Grief and sorrow engulfs family
For scores who had gathered to receive their loved ones, there were bouts of joy when the Emirates flight EK729 touched down at Entebbe airport at 2.30pm on Friday. 
But for the family of Justine Kamabati, whose body was concealed in the tiny casket, they were greeted with sorrow and anguish.  She died four months ago in the Saudi Arabian southwestern provincial city of Abha. The 46-year-old left for work in Saudi Arabia in September 2021 through a locally-licensed company, Atilis Jobmart, which recruits for a Saudi based agency, Tamkeen Human Resources.

Ten months into her job, she was pronounced dead. Police in Saudi Arabia indicate that the cause of her death was suicide. But in the murky world of labour externalisation to the Middle East, which often results in egregious abuses committed by employers, it may be safe to conclude that the cause of Kamabati’s death remains unclear.
Kamabati is the fifth Ugandan girl to die by suicide and other causes from Saudi Arabia this year. 

Reports of Ugandans killing themselves in the Gulf States are on the rise. Photo/File


In August, a group of former migrant workers under their umbrella, Torture Survivors Movement Uganda, dropped a coffin outside the Saudi embassy in Kololo in protest of the “continued torture and killings” of Ugandan migrant workers in the Middle East.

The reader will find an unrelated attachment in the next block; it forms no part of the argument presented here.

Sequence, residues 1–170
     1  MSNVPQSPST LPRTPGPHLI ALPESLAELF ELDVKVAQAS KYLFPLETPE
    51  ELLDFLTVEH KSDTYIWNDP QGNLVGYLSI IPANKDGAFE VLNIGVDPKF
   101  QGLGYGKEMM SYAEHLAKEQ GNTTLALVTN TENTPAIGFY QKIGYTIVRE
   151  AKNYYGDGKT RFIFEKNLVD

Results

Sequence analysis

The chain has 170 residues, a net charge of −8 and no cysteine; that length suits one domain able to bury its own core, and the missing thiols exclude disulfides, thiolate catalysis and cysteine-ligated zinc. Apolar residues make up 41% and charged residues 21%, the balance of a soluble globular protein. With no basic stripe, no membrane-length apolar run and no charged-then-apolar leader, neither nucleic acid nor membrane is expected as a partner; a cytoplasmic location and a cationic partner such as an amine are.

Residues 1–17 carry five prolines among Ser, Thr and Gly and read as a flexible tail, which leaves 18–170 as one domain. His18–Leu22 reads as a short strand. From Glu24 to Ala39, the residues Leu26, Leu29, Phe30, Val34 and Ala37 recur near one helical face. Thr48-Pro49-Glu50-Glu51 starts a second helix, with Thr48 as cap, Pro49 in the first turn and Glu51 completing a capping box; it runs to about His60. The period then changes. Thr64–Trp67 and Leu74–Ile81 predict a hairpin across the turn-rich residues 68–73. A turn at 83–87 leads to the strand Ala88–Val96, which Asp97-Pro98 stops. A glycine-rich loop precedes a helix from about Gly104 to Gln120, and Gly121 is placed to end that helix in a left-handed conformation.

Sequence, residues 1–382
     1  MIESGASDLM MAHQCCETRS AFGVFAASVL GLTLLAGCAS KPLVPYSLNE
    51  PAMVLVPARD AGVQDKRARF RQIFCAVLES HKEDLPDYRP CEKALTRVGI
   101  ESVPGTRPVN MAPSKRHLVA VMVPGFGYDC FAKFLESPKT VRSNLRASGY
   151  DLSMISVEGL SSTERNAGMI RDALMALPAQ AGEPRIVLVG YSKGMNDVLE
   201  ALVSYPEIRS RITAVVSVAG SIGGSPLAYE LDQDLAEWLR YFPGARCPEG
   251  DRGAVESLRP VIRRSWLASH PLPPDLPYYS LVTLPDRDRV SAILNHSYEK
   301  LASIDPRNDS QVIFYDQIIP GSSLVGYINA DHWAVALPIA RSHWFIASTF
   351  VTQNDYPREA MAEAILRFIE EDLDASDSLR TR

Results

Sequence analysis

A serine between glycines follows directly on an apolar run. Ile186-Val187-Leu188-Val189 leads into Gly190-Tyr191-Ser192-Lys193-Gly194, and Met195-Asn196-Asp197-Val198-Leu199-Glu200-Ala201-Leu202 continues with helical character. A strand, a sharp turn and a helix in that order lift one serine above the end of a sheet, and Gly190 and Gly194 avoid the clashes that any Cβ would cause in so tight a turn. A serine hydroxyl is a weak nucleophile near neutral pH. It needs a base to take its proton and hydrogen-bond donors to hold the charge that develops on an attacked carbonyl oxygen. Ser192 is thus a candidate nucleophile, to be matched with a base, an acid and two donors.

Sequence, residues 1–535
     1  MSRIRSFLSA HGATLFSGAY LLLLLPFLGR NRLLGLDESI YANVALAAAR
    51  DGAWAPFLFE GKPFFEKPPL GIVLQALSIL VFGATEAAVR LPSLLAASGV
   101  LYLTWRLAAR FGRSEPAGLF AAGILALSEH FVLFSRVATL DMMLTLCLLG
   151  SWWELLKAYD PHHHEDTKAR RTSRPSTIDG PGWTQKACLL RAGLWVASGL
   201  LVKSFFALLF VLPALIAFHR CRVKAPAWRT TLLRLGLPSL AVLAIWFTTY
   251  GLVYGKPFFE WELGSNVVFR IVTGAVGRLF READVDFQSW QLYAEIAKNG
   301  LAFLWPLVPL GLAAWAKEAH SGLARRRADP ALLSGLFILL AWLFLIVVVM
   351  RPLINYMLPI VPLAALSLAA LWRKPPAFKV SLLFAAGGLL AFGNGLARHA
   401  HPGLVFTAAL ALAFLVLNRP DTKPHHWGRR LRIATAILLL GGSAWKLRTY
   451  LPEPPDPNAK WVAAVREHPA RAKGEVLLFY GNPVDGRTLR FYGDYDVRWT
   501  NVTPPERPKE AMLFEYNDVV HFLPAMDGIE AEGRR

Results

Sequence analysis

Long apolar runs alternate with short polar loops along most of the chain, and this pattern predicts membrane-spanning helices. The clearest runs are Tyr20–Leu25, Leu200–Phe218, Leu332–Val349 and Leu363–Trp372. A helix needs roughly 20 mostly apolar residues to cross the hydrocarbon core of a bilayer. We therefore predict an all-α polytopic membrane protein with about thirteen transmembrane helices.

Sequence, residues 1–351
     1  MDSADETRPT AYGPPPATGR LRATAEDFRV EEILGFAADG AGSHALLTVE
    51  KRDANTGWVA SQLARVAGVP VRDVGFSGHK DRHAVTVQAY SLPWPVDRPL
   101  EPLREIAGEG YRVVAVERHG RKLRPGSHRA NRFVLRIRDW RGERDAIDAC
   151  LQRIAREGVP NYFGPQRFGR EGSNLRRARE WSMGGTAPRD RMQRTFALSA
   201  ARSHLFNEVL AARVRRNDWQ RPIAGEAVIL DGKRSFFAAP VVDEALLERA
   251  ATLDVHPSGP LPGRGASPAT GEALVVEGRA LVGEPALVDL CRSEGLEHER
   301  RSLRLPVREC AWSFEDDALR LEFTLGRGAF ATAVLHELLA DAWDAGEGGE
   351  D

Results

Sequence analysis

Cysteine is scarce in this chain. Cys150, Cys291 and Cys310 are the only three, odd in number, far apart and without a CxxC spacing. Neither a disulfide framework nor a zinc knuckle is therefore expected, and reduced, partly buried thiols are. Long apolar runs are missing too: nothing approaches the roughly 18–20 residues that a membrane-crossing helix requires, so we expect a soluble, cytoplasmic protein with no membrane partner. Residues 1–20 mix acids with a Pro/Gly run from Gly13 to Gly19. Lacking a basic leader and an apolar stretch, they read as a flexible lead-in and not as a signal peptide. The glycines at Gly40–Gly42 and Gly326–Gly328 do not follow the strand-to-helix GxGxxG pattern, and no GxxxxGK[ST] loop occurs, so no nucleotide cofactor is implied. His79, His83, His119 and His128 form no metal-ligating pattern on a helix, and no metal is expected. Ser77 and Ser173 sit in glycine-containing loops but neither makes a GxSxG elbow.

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Suicide is a serious public health problem across the globe, according to the World Health Organisation, which tends to happen impulsively in moments of crisis with a breakdown in the ability to deal with life stresses.  
In the case of migrant workers, especially in the Middle East—Gulf countries—several studies have documented the punishing working conditions that workers from Sub-Saharan Africa and other developing countries in Asia face.  
The situation is impaired by the kafala, or sponsorship, system that gives private citizens and companies in the Gulf States nearly total control over migrant workers’ employment.